This is a guest post from Lena Papadopoulos about the mistakes she has made in the past and how Learning Service helped.
As a teenager and young adult, I hoped to “save the world,” and I had many romanticized notions about how I could do so. After completing my undergraduate degree, I took a gap year before enrolling in graduate school. Determined to put my good intentions to use, I did what many of us do when we want to make a difference—I decided to volunteer abroad.
I wanted to “help” people in a “cool, exotic” location, and I wanted to spend as little money as possible in my quest to be an amazing person doing amazing things that everyone would praise and envy. So, after paying for the cheapest voluntourism program I could find online, I spent 4 months in Tanzania as a volunteer English teacher.
What’s wrong with this picture? A better question might be, what isn’t? For starters, I wasn’t qualified for this role. Although I was a native English speaker, had always excelled in my English classes, and had just received a Bachelor’s degree, I had no training or certification to teach English as a foreign language. This requires knowledge, skills, and understanding far beyond what my experiences had provided.
Not vetting the organization I signed up with was another poor decision. I had no information about their process, their staff, or how they allocate their funds. The person who was supposed to pick me up from the airport never came. I paid extra to have two weeks of language and cultural lessons, which I never got. The portion of the fee I paid that was supposed to go to the family that hosted me was never given to them, and we later found out this was a common practice of the organization I volunteered through.
Another issue caused by my volunteer role was problematic power dynamics it created between myself and the local staff. I was often perceived as more knowledgeable or qualified than local staff simply because I came from the Global North. These were trained, certified teachers, which I was not. As this was a private school (not government funded), the students’ inability to cover their school fees on time often meant the teachers weren’t receiving their salary. One day, I found a group of local teachers sitting together at a nearby bar during class time. When I asked why they weren’t at school, I was told it didn’t make sense for them to work for free when I was already there with the intention of doing just that.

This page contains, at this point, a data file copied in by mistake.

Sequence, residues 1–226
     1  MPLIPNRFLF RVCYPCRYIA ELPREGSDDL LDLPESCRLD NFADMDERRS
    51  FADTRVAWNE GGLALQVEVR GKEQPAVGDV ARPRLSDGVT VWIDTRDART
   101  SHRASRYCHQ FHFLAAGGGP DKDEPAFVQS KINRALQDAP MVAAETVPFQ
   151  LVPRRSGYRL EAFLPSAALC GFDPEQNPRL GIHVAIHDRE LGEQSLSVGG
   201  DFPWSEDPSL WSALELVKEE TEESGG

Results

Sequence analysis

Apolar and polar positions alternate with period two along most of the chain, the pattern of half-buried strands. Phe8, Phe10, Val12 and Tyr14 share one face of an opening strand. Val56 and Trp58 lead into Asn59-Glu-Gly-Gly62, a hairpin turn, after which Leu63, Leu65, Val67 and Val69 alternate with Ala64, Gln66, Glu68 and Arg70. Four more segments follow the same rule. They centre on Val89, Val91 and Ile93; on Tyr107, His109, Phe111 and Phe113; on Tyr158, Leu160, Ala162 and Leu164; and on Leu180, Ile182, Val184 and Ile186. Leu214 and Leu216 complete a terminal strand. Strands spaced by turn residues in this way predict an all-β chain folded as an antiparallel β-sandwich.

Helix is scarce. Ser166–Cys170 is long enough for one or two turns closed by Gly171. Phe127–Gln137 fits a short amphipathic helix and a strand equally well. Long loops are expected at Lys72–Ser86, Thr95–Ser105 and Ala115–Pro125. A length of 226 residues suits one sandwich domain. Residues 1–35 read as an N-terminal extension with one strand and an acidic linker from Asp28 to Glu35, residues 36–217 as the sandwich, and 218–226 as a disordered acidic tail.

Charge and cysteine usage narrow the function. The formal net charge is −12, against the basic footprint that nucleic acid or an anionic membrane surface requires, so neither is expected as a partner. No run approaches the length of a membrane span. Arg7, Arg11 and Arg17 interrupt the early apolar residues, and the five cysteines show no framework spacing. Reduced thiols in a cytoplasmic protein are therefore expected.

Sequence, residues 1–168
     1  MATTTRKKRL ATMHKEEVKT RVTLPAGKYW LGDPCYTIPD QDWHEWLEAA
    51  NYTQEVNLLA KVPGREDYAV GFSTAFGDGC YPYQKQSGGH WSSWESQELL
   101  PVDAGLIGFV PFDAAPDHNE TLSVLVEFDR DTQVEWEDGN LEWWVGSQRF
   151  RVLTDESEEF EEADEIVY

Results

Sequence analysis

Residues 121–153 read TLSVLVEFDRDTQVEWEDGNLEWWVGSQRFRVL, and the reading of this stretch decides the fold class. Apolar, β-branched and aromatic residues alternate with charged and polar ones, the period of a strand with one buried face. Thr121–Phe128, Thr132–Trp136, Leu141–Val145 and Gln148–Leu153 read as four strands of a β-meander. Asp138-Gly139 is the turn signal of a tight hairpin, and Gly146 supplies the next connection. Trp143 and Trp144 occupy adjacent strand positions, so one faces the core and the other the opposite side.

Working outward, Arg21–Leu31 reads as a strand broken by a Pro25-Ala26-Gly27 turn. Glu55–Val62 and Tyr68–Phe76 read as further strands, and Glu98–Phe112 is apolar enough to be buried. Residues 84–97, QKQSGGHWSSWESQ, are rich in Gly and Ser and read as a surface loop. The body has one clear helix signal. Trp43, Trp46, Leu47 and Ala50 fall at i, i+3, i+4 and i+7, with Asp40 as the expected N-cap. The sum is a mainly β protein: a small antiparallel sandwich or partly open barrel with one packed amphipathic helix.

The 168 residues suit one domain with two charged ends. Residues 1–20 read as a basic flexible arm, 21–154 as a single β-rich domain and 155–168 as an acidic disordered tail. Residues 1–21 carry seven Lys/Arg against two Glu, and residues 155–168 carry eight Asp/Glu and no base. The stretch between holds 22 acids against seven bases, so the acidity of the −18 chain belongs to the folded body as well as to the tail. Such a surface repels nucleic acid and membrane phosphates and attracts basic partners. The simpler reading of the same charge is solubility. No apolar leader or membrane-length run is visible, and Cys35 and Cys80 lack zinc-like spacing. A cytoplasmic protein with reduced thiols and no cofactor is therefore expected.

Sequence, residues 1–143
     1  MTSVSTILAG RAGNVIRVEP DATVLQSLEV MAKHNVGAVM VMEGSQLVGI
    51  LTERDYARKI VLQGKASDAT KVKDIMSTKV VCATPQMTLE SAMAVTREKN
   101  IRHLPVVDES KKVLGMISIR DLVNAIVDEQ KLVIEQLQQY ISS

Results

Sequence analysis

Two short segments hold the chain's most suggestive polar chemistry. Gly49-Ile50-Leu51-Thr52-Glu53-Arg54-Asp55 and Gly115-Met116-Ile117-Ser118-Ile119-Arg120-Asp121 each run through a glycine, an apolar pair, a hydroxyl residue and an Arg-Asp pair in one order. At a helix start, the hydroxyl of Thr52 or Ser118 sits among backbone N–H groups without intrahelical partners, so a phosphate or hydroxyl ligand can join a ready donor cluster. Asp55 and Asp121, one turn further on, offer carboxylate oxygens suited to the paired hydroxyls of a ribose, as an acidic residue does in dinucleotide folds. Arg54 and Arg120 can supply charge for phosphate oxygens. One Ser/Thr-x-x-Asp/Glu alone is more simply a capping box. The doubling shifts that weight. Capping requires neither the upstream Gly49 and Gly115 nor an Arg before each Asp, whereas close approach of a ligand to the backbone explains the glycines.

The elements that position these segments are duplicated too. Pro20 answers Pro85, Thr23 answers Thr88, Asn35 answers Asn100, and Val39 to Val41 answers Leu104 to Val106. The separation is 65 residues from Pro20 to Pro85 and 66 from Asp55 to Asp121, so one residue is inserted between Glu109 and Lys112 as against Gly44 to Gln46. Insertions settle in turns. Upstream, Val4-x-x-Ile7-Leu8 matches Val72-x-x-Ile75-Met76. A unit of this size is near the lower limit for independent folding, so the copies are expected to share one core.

Unfortunately, each of these examples is common within voluntourism and service-learning. And these are only a few of the many potential repercussions created by the popular desire to volunteer internationally. While we’re usually successful in our attempts to have significant, long-lasting impacts on the communities we serve, the problem is that these impacts are often negative, even in cases of good intentions. The bottom line is this: volunteering abroad can often lead to a snowball effect of unintended consequences that cause harm to those we seek to serve.